Monday, December 1, 2014

Incidents and their Context

One of my young conservative friends copied a post onto Facebook wondering where the outrage was when a black cop shot a white teen in Mobile, Alabama.  You may have seen something of the same circulating on the Internet from conservative sources complaining that liberal and/or mainstream media ignored the Alabama incident, thus exposing their reverse bigotry.

It’s not a bad question once you ignore the propaganda style hyperbole.  I’m not interested in media baiting, but I am interested in what differences there might be that are worthy of examination, and I think there are differences.  There is a difference between an incident that may involve a serious injustice and a climate of systemic injustice in which an incident occurs that may not have involved an injustice.

In a case where an incident involving police results in an injustice that is not otherwise associated with a climate of systemic injustice, the likelihood is that the matter will be resolved locally, attracting little wide spread media attention.  Such incidents are not uncommon.  Each of our communities has them, and for the most part we see no reason why someone hundreds of miles away would or should be interested.  In the Mobile case we have to admit that black cops are not normally seen as agents of systemic oppression against white teens, and so the incident can be resolved within the context of local protocols.

The Ferguson case occurred within the context of a pattern of systemic injustices in which an incident involved a white cop, widely understood by the black community to be an agent of those in power, fatally shot an unarmed young black man.  It turned out that the black teen who was killed was not an innocent young man, unarmed though he was, and that his death was probably the predictable, if tragic, result of his own behavior.  That doesn’t matter  because his death was seen by many as symbolic of a culture and wide spread pattern of injustices in which blacks have been systematically treated in a hostile, oppressive way by the police and others in power.  The right incident at the right time ignited nation wide interest.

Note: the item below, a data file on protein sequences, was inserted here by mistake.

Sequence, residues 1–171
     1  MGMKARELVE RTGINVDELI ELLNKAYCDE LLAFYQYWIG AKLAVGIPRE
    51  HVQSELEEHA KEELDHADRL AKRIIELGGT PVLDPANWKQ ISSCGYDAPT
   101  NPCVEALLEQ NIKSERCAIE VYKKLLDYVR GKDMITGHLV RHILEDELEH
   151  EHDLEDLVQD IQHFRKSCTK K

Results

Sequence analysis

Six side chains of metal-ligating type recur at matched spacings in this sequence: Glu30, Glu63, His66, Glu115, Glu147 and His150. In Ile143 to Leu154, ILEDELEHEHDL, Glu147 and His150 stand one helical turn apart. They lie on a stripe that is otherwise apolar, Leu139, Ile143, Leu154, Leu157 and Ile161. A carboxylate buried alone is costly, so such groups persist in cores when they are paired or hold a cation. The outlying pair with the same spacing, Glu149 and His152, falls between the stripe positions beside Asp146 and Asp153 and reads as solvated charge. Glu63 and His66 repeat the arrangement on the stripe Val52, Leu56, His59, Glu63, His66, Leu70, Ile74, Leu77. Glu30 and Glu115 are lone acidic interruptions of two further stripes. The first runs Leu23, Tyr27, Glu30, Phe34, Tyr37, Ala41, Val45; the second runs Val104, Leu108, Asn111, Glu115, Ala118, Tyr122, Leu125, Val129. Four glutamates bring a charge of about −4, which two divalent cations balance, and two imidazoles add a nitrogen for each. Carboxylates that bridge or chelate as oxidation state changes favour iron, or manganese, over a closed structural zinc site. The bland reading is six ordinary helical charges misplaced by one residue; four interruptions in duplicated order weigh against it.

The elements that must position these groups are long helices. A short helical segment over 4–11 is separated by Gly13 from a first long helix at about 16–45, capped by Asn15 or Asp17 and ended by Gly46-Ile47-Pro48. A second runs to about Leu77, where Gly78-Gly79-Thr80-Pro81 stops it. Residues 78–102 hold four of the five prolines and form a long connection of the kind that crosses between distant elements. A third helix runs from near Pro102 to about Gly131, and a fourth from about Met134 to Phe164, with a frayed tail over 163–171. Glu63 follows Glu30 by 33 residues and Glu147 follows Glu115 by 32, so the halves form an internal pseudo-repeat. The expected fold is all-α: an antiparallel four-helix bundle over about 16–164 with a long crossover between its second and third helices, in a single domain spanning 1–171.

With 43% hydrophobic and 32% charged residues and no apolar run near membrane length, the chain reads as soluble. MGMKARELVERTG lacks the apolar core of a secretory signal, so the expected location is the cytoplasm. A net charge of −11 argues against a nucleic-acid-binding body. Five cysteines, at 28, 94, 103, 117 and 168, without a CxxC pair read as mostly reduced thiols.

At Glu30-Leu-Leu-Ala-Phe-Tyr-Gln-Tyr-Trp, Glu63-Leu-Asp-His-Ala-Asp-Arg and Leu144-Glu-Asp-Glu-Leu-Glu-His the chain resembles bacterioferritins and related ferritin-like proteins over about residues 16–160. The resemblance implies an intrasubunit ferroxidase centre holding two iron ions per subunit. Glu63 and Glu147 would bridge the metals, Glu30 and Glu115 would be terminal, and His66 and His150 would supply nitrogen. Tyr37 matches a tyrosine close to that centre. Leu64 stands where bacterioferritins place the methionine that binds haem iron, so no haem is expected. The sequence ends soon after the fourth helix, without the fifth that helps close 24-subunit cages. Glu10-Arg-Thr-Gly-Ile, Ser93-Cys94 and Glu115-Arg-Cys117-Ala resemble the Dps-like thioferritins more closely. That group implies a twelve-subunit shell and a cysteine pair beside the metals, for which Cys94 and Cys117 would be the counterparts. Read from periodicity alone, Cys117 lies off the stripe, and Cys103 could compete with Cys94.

Maybe nation wide interest would have been enough, but I believe that the nonstop media frenzy, especially from cable news networks, added the necessary heat and fuel for a few sparks to ignite violent protests.  More on that  in a minute.  

In the meantime, my young conservative friend wanted a definitive answer.  Who was right?  Who was wrong?  Put the blame where it belongs and walk away.  It isn’t that simple.  One must examine the context within which any incident of injustice may, or may not, have occurred.  The problem is that it requires slowing down, not leaping to conclusions, and being willing to address issues on several different levels at the same time.  Moreover, the examination will probably show the messiness of more than a few individual decisions that helped or hindered.  Not many people on either side are willing to do that.  They’d rather operate by the good old American dictum: Ready, Fire, Aim, and they are more than wiling to leave off the aim part unless it favors their political prejudices.  Let me put it this way.  This isn’t a football game.  You don’t get to throw the flag, review the call up in the booth, show the whole thing in slow motion on the Jumbotron, and play the down over.


Now then, back to the violent protests, as opposed to the many others that were not violent.  I’ll offer three thoughts.  First, some of the instigators were ideologically driven persons who believe that violence in protest is the preferred way to bring down the oppressors.  Oddly enough, those on the far left and those on the far right are in agreement on this.  Second, some of the instigators enjoy the violence, especially for the opportunities it offers to act out their anger, take revenge, and loot for their own personal gain.  They turn up whenever violence is an option.  Third, the cable news networks thrive on the mayhem, doing what they can to inflame and sensationalize it, pandering to the lowest common denominator of their viewers.  I find each of them repulsive, and am not interested in what they have to say in their own defense because I believe it to be hypocritically self serving.  Other than that, I have no strong opinions on the matter one way or the other.  Well, I do have a few thoughts about a couple of newspaper columnists, but that can be for another time.

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